I do realize that what little I’ve been writing lately has been on the self-centred side, in that it’s not really about anything that’s going on in the world, but rather whatever has been going on inside my brain. And yes, I’m extremely busy, but more than that, I just don’t know what to say about some of the big events these days. Thinking and speaking just feels so futile when it comes to Gaza. Everything seems both overwhelmingly complicated – and since I lack a PhD in Middle Eastern history, I feel unqualified to comment – and unbearably, horrifyingly simple in the unacceptability of this kind of violence.
Slightly closer to home, there’s recently been the Oscar Grant shooting, the violent hate-rape of a lesbian woman, and uncountable other acts of violence. Last week, Natalia asked the question:
Those among us who are least capable of defending themselves make for the most excellent targets. Is it because, deep down, we fear and loathe vulnerability in all of its forms? Do we just want to punish it, cull it, stomp it out? Are we disgusted by the people who trust us, who depend on us, in one way or another?
Honestly, I think so. There’s a lot to be said about the construction and dehumanization of the Other, but more and more, I’m convinced that the most terrifying thing about the Other is the threat that it could become the Self. Or rather, the possibility that the Self has those weaknesses. It’s not when we’re positively convinced of our superiority that these acts of hate play out on the most intimate and the grandest of scales, it’s when the mirror shows us our own vulnerability.
There’s an overwhelming tendency to conflate faith and certainty. But as Daisy said in comments to one of my recent posts, it’s when I’m most fragile in my life that I feel the need to cling to my own rightness, that I will get most aggressive about my opinions and forceful about my need to have you share them. I think most of us here understand that, politically and religiously, inability to tolerate dissent is a sign of uncertainty, and the more unstable the position, the greater the need to erase the signs of one’s wrongness. In some cases, it’s enough to petition to have references to evolution removed from textbooks; in others, we have to erase the human markers of the possibility that the European Enlightenment project of reason, progress and modernity was not just ill-advised, but flat-out wrong.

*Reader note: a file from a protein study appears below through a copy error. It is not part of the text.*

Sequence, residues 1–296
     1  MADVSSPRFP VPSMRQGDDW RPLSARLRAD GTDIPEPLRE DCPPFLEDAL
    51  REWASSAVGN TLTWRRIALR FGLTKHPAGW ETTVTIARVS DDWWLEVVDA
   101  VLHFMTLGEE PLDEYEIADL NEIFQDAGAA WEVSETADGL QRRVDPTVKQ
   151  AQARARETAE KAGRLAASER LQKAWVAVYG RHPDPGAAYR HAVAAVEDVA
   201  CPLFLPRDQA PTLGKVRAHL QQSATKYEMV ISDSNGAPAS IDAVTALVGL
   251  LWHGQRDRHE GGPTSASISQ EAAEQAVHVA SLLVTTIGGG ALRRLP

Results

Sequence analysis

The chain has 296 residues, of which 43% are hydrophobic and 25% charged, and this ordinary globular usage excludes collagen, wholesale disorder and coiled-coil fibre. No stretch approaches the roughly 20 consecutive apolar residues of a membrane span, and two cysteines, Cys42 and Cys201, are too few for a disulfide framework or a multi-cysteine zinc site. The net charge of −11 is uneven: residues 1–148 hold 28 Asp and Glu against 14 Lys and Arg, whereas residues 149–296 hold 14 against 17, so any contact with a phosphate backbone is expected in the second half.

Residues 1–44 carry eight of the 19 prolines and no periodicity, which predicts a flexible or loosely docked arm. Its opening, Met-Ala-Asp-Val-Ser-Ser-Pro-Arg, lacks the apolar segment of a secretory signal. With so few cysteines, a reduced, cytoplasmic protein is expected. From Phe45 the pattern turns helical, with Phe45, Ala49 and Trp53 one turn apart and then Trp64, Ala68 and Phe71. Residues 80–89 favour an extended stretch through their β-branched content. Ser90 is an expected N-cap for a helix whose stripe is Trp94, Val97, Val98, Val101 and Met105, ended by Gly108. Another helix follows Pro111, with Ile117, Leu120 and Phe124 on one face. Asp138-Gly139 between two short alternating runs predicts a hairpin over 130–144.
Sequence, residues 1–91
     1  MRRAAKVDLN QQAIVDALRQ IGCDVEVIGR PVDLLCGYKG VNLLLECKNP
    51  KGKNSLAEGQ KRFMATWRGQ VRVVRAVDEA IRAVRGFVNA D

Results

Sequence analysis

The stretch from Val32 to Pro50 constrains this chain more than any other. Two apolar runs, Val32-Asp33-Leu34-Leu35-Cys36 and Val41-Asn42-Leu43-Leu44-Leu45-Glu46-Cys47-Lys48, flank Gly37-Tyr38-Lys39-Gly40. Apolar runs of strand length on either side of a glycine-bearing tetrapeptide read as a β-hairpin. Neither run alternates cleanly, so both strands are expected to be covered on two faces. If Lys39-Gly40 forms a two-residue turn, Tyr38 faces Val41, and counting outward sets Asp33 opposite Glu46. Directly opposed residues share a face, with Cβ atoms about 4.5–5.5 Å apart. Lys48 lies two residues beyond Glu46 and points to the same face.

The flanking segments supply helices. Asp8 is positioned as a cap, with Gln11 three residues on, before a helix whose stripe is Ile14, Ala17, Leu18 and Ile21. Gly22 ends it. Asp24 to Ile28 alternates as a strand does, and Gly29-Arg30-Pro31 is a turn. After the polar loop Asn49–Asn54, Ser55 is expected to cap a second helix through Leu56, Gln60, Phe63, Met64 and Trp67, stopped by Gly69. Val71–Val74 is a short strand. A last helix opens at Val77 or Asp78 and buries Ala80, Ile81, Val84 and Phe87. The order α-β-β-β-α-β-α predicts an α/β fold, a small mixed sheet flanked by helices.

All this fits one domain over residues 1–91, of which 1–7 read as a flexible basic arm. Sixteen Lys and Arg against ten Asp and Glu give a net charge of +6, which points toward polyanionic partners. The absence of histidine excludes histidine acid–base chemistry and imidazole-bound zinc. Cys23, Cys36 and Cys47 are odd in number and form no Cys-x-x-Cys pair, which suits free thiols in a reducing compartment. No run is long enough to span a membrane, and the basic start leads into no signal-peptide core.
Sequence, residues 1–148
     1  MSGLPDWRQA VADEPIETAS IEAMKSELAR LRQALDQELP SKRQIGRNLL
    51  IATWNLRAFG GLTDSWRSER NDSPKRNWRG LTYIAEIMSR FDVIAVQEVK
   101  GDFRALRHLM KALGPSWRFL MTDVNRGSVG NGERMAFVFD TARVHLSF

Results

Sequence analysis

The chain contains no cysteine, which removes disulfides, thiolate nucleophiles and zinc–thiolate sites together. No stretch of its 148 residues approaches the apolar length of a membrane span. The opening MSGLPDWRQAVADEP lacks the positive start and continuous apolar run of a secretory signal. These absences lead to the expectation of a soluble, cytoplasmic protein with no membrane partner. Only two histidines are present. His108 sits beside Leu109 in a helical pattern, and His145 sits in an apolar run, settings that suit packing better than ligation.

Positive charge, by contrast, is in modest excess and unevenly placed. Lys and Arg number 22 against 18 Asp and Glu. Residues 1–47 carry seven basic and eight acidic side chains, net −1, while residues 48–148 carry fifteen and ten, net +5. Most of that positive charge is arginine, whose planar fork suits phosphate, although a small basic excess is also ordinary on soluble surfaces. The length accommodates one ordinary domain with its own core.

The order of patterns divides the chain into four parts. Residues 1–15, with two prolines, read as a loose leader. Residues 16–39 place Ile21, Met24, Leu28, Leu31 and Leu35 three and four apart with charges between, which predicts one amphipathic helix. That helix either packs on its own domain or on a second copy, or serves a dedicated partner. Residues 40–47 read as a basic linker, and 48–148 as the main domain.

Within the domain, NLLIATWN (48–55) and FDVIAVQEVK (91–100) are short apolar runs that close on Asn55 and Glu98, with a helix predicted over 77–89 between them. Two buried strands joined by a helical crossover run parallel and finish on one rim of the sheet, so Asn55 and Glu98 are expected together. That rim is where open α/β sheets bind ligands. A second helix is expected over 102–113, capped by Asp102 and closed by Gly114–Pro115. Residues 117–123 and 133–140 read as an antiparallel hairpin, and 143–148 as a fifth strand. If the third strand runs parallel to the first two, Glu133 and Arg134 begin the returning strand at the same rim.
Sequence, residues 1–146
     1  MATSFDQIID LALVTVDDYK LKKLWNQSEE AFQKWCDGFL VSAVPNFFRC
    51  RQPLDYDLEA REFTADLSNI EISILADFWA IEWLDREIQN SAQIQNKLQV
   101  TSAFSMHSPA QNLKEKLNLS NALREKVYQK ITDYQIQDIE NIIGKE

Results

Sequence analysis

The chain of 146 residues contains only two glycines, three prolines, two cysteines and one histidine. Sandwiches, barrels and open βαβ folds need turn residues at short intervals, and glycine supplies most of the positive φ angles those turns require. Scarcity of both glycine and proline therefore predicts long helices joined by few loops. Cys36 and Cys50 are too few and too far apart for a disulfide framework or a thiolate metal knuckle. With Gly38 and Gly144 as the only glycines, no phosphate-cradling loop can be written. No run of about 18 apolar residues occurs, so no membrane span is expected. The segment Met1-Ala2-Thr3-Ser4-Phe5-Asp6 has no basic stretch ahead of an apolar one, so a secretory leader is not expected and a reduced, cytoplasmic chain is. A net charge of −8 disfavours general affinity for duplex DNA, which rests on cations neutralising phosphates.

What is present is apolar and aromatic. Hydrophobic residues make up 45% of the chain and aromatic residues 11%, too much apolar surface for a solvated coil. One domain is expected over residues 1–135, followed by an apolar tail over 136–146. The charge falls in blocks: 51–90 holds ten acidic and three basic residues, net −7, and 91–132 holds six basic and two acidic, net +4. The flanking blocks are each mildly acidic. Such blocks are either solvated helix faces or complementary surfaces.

On a purely interpersonal level, I’m still being held back by serious trust issues, and I still have to ask myself “what if”. What if I’m wrong about someone? What if what they tell me isn’t true? What if they intend me harm? What if everything changes again? Realistically speaking, I just can’t know the answer to any of those questions. There’s no script. There’s no certainty. When I want that certainty and can’t get it, I am an anxious, angry, hostile, frustrating person. If I’m being completely honest, I’m consumed with fear, not of the what-ifs above, which are all about them, but of the what-if of my own vulnerability.
I can’t pretend to really understand violence and hate, and I’m not trying to oversimplify them. I’m bringing the very banal and all-too-common experience of insecurity and a well-earned inability to trust into a discussion that is ostensibly about deep-seated historical inequalities, long-standing anger among groups of people and horrifying acts of violence because this is the part that seems pathologically simple, to me. Not “simple” in the sense of believing that we can just say “get over it” and “can’t we all just get along” and everything will be figured out, but just…heartbreakingly the same, over and over again.
Speaking personally again, I think I’m at my best when I’m not afraid of uncertainty because I’m absolutely confident in my uncertainty. Weakness and vulnerability are right up in my face, so I don’t have to defend the possibility that they’ll emerge and be seen. In the real world, outside of the bounds of my cozy warm apartment in which the greatest threats to my security are my cat’s claws, I have no idea where to go with that. So I kind of just…don’t.